33th Sunday Ord. : Mk 13:24-32

Life – Death, Second Coming, Eternal Life " - 15 Nov 2009

Preached by Fr Philip Heng, SJ at Church of St Ignatius – Singapore

Yesterday, I rushed to the hospital to Baptise and anoint someone (let us call him John) who was dying in ICU. Although John had been attending Masses in the past years with his family, he somehow never got Baptised. Last week, John, his wife and daughter were all so happy with the successful operation, but suddenly in the past few days, John contacted pneumonia and became critically ill. His wife and daughter were shocked and very saddened by the turn of events, and looked for a priest desperately to Baptise John and anoint him.

John’s wife and daughter were visibly consoled after the Baptism and Anointing as their faith in God were renewed. Within the deep pain of seeing their husband and father dying, they experienced strength from God through their faith in Him; that even if John were to die, they would not really lose him totally because as John gains eternal life with God, he would still be alive to them at all times.

What John and his family are going through is also the story of each of our lives and what we have to go through. Whatever we have and regardless of how dear someone is to us, one day, we have to let them go, as our life on earth is only passing.

In a more striking and graphic way, in today’s Gospel, Jesus tells His disciples that the sun will be darkened, the moon will loose its brightness and the stars will fall from the skies. These are signs that the world will come to an end; everything in life will fall apart and we will be reduced to ashes; nothing that we possess will remain except the type of life that we have led and the good that we have done.

Do we believe in the end of the world? Some of us would probably say, “Yes, we do, but we are not too conscious of this truth in our lives.” Do we realise that in each Mass we actually profess the truth of the end of the world, and the coming of Christ many times? In the Nicene Creed we say, “He (Christ) will come in glory to judge the living and the dead.” We end the Creed by professing, “We look for the resurrection of the dead, and the life of the world to come, Amen.” During the Liturgy of the Eucharist, we also proclaim the mystery of faith by saying, “Christ has died, Christ is risen, Christ will come again.” Elsewhere too in the Eucharist, this truth is proclaimed.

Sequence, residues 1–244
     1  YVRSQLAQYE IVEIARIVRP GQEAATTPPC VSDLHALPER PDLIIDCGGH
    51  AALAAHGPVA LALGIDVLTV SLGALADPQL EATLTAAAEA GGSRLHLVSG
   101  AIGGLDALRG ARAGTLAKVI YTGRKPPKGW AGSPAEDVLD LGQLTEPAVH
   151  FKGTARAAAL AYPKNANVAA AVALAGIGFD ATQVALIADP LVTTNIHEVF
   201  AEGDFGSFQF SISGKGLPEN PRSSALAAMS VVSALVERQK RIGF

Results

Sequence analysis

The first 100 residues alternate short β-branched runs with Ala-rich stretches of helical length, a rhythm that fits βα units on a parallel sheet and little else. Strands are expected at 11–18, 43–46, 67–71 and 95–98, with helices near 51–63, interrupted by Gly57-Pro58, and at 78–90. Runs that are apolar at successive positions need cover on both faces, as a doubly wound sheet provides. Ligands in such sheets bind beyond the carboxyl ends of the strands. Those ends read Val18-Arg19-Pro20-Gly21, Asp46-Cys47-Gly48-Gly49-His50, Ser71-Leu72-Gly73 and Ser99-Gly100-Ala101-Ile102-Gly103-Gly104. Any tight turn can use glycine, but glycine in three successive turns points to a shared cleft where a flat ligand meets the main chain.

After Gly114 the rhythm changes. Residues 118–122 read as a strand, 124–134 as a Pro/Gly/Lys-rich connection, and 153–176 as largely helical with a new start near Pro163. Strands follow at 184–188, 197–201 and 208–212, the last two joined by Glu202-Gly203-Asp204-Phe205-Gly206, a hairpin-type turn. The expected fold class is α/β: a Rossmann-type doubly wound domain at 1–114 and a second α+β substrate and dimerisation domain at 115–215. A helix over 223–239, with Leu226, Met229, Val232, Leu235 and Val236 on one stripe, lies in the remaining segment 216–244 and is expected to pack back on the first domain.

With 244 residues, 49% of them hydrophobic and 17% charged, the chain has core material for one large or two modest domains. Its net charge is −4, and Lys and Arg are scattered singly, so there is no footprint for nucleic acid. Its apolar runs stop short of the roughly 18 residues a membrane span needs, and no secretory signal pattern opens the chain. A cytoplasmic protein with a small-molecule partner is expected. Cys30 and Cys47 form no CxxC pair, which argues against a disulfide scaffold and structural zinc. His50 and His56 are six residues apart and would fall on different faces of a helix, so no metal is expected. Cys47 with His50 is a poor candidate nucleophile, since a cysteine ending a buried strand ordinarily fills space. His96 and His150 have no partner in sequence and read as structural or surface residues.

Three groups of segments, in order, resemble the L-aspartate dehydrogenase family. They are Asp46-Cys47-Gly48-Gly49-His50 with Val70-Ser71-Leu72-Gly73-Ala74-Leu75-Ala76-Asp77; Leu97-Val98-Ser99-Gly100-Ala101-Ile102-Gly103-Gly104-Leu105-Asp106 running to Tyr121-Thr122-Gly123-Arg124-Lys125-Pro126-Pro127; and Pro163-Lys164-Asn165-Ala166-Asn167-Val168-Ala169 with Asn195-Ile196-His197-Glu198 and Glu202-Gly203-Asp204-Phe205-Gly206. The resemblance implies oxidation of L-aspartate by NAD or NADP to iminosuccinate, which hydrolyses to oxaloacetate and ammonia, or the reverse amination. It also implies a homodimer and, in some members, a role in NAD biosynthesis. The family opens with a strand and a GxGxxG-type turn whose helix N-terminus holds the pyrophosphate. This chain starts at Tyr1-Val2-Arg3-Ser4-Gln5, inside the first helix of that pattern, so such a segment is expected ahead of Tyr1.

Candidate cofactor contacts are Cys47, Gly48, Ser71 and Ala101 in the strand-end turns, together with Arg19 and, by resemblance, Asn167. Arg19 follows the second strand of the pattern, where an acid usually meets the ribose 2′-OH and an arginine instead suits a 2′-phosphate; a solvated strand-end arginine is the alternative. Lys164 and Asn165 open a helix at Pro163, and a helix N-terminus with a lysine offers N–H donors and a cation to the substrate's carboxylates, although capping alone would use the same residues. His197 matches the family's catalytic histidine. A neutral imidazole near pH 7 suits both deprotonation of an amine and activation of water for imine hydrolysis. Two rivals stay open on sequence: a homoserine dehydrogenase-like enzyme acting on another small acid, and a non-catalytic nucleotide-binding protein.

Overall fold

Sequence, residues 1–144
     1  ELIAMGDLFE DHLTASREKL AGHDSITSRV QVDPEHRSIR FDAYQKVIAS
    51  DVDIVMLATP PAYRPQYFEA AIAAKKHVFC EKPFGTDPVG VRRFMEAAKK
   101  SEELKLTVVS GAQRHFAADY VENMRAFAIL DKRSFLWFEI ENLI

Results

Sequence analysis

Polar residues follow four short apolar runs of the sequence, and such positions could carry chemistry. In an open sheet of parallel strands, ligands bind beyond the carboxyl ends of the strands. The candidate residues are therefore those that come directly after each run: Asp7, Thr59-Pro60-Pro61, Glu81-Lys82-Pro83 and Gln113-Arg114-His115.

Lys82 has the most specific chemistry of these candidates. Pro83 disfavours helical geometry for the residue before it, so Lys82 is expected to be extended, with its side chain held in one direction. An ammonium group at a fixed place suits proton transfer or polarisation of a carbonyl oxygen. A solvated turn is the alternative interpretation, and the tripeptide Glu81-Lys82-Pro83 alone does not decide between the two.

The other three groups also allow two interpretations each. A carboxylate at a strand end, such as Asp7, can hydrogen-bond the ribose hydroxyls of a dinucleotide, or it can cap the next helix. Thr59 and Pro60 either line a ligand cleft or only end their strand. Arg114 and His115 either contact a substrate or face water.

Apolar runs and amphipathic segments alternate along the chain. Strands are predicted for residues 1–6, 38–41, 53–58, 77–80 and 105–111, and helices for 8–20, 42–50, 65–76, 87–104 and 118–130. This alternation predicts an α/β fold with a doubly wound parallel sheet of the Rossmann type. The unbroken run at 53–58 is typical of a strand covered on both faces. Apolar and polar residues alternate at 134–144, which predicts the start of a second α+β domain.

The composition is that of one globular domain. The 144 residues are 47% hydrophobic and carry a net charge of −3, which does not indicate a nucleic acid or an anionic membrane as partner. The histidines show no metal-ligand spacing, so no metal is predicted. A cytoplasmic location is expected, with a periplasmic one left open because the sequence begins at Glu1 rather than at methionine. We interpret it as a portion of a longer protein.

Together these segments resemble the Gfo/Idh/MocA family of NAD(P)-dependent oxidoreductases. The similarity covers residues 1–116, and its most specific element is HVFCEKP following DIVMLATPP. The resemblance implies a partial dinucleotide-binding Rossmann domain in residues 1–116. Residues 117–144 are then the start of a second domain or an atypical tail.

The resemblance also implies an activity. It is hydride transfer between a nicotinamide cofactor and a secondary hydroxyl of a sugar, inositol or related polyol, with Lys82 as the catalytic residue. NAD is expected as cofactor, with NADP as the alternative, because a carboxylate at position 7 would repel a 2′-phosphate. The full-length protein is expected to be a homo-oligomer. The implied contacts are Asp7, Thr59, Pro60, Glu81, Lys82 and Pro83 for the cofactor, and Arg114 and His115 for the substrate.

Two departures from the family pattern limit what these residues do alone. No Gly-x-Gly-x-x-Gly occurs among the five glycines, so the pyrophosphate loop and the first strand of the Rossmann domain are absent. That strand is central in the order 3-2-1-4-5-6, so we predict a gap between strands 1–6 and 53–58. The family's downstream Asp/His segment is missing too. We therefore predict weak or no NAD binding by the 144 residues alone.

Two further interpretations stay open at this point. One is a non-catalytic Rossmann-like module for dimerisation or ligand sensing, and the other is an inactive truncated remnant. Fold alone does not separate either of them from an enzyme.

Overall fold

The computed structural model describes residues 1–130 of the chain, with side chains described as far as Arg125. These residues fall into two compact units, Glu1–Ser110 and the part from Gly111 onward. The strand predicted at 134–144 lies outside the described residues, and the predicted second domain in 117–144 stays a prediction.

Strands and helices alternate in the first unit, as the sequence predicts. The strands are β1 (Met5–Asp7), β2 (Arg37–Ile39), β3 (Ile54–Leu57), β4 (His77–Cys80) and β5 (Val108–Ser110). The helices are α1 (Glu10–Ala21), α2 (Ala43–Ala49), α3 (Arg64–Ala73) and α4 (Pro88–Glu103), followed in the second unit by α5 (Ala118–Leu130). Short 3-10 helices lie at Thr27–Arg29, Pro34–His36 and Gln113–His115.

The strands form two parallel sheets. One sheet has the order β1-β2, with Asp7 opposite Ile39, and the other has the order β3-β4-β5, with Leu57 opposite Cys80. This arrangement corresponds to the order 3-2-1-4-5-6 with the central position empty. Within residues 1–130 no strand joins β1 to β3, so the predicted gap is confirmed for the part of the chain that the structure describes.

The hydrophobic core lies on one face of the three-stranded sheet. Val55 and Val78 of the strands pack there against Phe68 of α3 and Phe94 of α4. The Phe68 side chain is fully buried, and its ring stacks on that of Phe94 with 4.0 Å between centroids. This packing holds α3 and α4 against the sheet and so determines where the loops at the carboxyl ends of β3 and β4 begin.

One of the reasons why some of us are not too conscious of the end of the world in our daily living is perhaps we have fallen too deeply in love with the secular world that we have created for ourselves. While a lot of things in this world are good and needed, our tendency and temptation is to give them so much attention that we have little attention, time and energy left for God.

While we are good people, let us test ourselves with some basic questions. For example, while it is good that we work hard daily in our careers, how much of the 24 hours each day do we give to God in prayer? How often do we remember God during the day? How much importance do we give Him in the different situations of our daily experiences? Do we allow our emotions to control us when we are upset, or are we able to transcend and discern His Will? Do we compromise the Gospel values when we are tested and tempted in difficult situations?

However, if we strongly and consciously accept Jesus’ caution of today’s Gospel that our world will one day come to an end, and we will one day die and be reduced to ashes, then we will realise that what really matters in our daily life is really not what we have; not how we look, but how we have loved, the good we have done, the compassion that we have shown and the like.

Our life after we die is inseparable from our present life. Our present life continues into our eternal life, and thus death is only a passage for us to enter into eternal life. This also means that everything that we do and say does not end in this world; all our words and deeds, all our failures to do good have not only earthly effects on others, but also eternal effects on how our lives would be like after we die. This means that if we live in Christ-like ways on this earth, then the fruits of such living will not only be experienced in this world, but continued for all eternity.

Our Lord in the Gospel says that there are those of us who will be greatest in heaven and those of us who are least in heaven. I think it is not difficult for us to understand that all of us will experience the fullness of eternal happiness differently.Mother Teresa and the many martyrs who loved God throughout their lives and served His people selflessly because they loved God so fully in their earthly life, would experience a more intense happiness with God than a self-centered person who repents for his grievous sins at the moment of death and marginally makes it to heaven, so to speak.

My brothers and sisters in Christ, as I conclude, let us remind ourselves that death and the end of the world can come any time; eternal life too is a reality and a divine gift that we should not take for granted. In today’s Gospel Jesus is challenging all of us to be vigilant in the way we live our daily lives. Whatever happens in our earthly life, affects our eternal life. Thus, there is no better wayto live than to focus our attention on living our present life at all times in Christ-like ways.

And when we are able to live in this manner, we will not only enjoy happiness now but, for ever; we have everything to gain and nothing to loose,now is the time to live in Christ-like ways because eternity begins here and now.

Fr Philip Heng, S.J.

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